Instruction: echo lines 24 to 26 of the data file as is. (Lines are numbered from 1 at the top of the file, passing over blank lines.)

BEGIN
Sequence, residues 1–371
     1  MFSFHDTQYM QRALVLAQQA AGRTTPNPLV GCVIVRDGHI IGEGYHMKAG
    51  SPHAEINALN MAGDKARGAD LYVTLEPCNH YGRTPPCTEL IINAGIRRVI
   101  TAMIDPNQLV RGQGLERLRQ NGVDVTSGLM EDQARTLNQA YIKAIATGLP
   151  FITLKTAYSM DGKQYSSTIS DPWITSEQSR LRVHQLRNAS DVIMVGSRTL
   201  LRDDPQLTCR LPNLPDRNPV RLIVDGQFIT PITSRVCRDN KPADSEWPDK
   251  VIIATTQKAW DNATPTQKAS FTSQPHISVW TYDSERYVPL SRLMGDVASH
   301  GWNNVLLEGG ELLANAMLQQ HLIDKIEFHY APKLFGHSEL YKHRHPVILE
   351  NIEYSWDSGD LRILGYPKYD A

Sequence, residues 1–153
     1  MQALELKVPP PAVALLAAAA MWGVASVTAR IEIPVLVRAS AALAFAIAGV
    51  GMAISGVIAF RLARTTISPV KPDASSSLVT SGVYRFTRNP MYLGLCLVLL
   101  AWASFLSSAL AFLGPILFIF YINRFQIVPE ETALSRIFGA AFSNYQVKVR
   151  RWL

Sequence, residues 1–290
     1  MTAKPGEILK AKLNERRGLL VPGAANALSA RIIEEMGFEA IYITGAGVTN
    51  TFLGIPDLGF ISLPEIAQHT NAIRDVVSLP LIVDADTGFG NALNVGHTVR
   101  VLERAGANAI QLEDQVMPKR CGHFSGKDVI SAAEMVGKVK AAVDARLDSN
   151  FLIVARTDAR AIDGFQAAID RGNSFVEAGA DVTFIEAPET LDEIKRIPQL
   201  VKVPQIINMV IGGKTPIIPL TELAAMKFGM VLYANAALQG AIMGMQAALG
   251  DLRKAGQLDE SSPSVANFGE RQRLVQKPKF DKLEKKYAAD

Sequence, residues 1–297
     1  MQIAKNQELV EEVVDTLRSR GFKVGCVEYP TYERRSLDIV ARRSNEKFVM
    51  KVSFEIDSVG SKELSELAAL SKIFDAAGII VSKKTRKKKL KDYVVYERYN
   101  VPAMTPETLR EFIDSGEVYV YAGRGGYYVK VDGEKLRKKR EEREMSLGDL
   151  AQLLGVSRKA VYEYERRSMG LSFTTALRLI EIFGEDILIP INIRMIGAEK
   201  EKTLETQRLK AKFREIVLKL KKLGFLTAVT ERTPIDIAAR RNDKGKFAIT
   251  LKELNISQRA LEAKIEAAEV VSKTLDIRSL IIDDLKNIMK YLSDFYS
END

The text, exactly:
    51  KVSFEIDSVG SKELSELAAL SKIFDAAGII VSKKTRKKKL KDYVVYERYN
   101  VPAMTPETLR EFIDSGEVYV YAGRGGYYVK VDGEKLRKKR EEREMSLGDL
   151  AQLLGVSRKA VYEYERRSMG LSFTTALRLI EIFGEDILIP INIRMIGAEK